Any loss of seats by the SNP would weaken Nicola Sturgeon’s hand and make calls for a another Scottish vote easier to refuse.

So the markets are pricing in a Tory win with an increased majority but not the landslide the polls at the moment suggest.

The Conservative Manifesto, lacking the usual tax cuts or promises not to raise tax, to us suggests that the Brexit
plan maybe to go for (or at least give the appearance that the plan is for) a “Hard Brexit” i.e. no trade deal and just go for WTO terms.

Philip Hammond’s hands would not be tied like they were by the 2015 Manifesto and the UK could then aim to be the offshore, low tax, free trade economy the EU fears.

This table from investment house Schroders shows how the FTSE100 moved, ahead of the last seven General Elections. The pattern is that when the expectation is for a clear victory, regardless of party, then the market doesn’t mind.

It is uncertainty that traders don’t like. They take their money “off the table” until the picture becomes clear.

Source: Schroders

Commodities/Iron Ore

Commodities in general and metals in particular have suffered sharp falls during the past month.

The fundamental reason is mainly the same whether it is oil or iron ore, production is exceeding demand particularly from China.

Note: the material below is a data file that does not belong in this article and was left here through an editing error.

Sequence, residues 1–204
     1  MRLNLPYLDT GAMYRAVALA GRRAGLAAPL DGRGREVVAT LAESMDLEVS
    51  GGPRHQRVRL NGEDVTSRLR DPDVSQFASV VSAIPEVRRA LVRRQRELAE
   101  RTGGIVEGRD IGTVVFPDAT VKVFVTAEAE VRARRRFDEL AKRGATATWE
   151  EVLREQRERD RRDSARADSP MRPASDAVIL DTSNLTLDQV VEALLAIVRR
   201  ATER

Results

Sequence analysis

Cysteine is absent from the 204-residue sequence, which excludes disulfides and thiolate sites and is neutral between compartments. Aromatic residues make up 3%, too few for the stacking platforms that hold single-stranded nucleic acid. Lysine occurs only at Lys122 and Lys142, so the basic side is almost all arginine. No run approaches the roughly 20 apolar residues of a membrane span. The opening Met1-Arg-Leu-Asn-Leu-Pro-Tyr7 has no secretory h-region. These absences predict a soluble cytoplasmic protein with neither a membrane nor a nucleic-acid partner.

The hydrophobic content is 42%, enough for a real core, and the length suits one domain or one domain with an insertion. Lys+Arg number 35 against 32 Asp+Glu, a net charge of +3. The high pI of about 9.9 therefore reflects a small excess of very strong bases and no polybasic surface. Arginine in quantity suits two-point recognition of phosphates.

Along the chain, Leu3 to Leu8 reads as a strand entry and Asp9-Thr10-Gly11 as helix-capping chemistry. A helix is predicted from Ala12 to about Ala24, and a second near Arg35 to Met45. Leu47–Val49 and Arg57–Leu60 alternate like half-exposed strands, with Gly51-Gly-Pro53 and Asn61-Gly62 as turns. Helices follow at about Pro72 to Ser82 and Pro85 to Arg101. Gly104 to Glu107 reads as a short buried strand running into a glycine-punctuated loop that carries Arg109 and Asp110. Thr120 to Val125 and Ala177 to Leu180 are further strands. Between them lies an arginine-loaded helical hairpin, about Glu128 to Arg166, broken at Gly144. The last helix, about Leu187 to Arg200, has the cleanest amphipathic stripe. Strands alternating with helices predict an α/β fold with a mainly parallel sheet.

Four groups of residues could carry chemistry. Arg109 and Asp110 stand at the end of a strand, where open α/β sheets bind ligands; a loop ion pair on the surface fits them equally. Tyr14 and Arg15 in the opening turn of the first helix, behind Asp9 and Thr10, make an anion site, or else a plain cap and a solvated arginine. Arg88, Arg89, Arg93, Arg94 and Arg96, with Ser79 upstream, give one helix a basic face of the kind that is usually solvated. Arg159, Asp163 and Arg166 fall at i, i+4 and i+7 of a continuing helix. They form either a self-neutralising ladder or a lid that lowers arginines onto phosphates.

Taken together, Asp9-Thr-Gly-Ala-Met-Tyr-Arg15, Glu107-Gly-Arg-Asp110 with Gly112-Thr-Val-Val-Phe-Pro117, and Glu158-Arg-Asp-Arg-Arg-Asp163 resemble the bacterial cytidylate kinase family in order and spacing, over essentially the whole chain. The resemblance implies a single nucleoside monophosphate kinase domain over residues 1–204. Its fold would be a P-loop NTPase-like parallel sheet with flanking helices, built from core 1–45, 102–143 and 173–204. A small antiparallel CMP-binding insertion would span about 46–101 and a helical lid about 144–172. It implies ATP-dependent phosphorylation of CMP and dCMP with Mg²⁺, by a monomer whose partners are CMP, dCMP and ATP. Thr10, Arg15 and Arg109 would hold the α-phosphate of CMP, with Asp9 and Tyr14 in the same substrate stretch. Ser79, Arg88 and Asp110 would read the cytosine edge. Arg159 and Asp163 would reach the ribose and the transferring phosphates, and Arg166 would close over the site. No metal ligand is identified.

Stockpiles are building and speculators, especially Chinese ones, are selling and moving to cash.

There remains lots of excess capacity; in oil the US shale producers can quickly turn the production tap on and off.

For metals much depends on demand from China, stats suggest that the Chinese economy is accelerating again but there are leadership changes due this year which will act as a drag on Chinese demand.

Any continued weakness in commodities will ultimately impact the equity markets.


Since the end of 2016 markets have had two major themes running through them.

Firstly, economic growth has fed through to corporate profit growth for the first time in several years.

Secondly, geopolitical risk is elevated; the rise in “populism” and dissatisfaction with the existing political elite has led to Brexit, Trump and now Macron.

Economic growth and a return to “normal” conditions is now the dominant theme and have become embedded in market psychology.

History tells us that no growth period ever offers us a smooth ride. There will always be fits and starts and fears that the global economy is rolling back into recession, it is these periods that for twitchy investors can prove to be very expensive.

As we prepare to enter the seasonally weak period of the investing year there is still plenty to be nervous about.

For us, the risk remains of a short US recession before the Trump stimulus has its desired effect.

Also Trump’s plans are being diluted on a daily basis in order to become law; a Budget delay would leave the market vulnerable to a pullback.

Nevertheless, the US President can be credited with changing the tone in the business world and the market rise is justified by existing economic fundamentals.

In the UK, the General Election and Brexit will dominate the news flow but neither is likely to significantly impact the UK stock markets.

One thing we need to watch is the recent sharp fall in commodity prices, they heralded the current Bull run and as we enter the negative seasonality, “sell in May etc.”, are they warning us that in the short term we have gone too far too fast?

April 2017

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This information is not intended to be personal financial advice and is for general information only. Past performance is not a reliable indicator of future results.